Libertyville deals with sudden closing of Buick dealership
One of Libertyville's auto dealers has closed suddenly and village officials are wondering what will happen next with the business that is part of an important source of sales tax.
Libertyville Buick GMC, one of about a dozen dealerships that comprise a key source of revenue for the village, last week was said to be on the way out. The doors were locked Monday, no one answered the phone and few cars were in the lot at 1120 S. Milwaukee Ave.
"It was sudden," Mayor Terry Weppler said.
The closing was not thought to be the result of poor sales but because of action by General Motors, according to Weppler and others. He said there had been an interested buyer for the dealership but GM blocked the sale. Representatives for Buick or GM could not be reached Monday.
"We don't know the intent of GM at this time but we're trying to find out," Weppler said.
Libertyville Buick GMC General Manager Peter Gioulos said late last week in an email the terms of the "wind down" were confidential and he was unable to discuss the situation.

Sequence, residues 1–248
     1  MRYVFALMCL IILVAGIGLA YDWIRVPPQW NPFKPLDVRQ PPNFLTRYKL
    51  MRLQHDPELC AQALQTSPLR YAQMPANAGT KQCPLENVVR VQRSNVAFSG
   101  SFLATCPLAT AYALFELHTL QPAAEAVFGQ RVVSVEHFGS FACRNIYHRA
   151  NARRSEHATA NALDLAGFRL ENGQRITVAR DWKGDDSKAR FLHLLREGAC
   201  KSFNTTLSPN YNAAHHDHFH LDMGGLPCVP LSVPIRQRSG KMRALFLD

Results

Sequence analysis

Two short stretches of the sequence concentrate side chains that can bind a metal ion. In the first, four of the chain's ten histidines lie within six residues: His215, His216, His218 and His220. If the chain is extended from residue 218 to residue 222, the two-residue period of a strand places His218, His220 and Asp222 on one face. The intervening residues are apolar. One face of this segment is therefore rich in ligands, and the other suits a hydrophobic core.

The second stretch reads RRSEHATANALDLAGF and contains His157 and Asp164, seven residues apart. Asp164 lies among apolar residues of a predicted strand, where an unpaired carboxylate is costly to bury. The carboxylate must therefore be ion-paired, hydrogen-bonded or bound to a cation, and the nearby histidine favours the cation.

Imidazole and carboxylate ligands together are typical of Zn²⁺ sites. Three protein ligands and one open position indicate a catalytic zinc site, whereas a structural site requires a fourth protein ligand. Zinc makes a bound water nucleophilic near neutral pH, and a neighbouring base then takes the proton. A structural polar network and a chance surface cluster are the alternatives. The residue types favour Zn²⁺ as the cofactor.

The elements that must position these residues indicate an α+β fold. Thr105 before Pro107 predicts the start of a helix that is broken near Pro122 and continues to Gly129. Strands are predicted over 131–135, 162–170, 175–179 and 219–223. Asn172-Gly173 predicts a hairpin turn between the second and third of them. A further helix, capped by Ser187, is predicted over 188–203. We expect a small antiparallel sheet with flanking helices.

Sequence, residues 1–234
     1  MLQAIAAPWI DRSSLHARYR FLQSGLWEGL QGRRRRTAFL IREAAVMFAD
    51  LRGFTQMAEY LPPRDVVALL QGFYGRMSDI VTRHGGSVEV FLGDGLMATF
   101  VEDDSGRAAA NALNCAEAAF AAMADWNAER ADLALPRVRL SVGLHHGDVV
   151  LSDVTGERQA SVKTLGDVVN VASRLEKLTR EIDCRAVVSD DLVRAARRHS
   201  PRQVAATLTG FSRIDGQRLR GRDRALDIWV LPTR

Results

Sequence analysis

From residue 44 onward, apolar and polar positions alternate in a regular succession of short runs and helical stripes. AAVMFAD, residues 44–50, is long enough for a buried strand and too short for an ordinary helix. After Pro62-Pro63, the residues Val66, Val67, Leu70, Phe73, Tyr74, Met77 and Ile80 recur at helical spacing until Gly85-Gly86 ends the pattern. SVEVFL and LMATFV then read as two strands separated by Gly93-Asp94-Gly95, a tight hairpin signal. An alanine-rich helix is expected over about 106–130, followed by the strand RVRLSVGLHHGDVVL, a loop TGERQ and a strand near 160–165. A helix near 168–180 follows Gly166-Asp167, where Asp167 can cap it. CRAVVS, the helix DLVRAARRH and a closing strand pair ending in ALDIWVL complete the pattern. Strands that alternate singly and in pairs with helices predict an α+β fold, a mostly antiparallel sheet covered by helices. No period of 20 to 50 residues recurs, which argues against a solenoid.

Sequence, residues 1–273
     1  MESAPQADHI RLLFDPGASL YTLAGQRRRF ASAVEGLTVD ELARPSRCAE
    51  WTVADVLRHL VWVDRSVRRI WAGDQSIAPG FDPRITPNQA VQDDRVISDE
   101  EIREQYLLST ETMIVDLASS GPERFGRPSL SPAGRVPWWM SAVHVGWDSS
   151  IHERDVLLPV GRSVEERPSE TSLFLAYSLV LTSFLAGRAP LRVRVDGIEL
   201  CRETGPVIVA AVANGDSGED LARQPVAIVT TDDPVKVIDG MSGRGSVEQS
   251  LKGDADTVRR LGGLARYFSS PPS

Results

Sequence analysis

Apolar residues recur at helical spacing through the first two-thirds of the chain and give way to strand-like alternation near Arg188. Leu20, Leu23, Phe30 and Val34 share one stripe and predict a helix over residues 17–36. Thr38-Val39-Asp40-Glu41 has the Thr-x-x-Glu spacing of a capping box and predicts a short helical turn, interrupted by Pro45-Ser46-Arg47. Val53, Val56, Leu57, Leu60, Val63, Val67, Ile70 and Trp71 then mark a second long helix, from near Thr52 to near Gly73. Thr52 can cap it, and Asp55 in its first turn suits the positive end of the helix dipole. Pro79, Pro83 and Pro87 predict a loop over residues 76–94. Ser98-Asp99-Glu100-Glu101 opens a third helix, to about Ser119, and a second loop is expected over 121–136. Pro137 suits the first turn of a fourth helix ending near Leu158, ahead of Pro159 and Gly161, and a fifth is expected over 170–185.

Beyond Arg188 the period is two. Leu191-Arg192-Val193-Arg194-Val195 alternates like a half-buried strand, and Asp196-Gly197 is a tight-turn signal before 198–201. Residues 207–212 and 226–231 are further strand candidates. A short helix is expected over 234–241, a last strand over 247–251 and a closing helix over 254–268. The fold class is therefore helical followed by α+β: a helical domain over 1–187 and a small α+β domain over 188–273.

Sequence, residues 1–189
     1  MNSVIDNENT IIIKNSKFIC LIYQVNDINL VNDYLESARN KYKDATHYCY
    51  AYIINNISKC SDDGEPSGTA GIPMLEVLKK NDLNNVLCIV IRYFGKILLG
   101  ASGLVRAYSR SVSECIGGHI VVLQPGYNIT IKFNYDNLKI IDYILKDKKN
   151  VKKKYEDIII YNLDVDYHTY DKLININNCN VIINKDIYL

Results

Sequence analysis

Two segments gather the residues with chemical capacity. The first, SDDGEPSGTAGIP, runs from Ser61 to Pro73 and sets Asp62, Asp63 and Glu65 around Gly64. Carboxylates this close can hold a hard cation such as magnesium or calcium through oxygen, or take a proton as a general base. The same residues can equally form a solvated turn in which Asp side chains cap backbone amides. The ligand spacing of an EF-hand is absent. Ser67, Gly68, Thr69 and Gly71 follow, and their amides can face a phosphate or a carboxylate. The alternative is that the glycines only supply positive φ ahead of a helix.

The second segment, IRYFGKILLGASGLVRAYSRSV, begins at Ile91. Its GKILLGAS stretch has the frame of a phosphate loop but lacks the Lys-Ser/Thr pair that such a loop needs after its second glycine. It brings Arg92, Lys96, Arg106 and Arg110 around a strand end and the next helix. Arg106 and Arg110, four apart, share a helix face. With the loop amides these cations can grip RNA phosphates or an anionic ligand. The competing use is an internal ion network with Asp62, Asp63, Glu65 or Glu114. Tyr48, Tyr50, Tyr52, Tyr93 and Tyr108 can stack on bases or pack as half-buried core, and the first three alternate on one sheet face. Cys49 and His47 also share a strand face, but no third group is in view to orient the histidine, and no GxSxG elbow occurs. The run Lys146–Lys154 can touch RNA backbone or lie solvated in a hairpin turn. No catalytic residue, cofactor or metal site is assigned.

The business described itself as "your hometown Libertyville GM dealership" in information associated with the Libertyville Mile of Cars marketing campaign representing about a dozen dealers.
Glenn Bockwinkel, general manager at Acura of Libertyville and head of the local dealer consortium, said that typically GM would have first right of refusal if a dealership goes up for sale. Franchise agreements differ between manufacturers, he added.
"When you look at the demographics and location of the current dealers, I can't believe they would walk away from this market," Bockwinkel said.
In 2011, the auto category accounted for about $3.4 million or 58 percent of Libertyville's total of $5.8 million in sales tax. Dealerships are considered so important the locations all were included by the village in designated districts where incentives are available for improvements.
"My suspicion is it's part of a larger GM strategy and not necessarily indicative of the Libertyville market," said Heather Rowe, economic development coordinator for the village.
She said improvements had been made recently to the interior and showroom. Plans for exterior improvements were not pursued, she added.
"One of the big issues of late is the demand of manufacturers to remodel their stores where they all look the same," said Erik Higgins, director of dealer affairs for the Chicago Automobile Trade Association. "A lot of dealers are resisting this for obvious reasons."
Rowe said village officials think the property will be available and they look forward to working with the next dealership taking over the facility.
"It could take a little while to fill it but I don't think it will be long term," she said.
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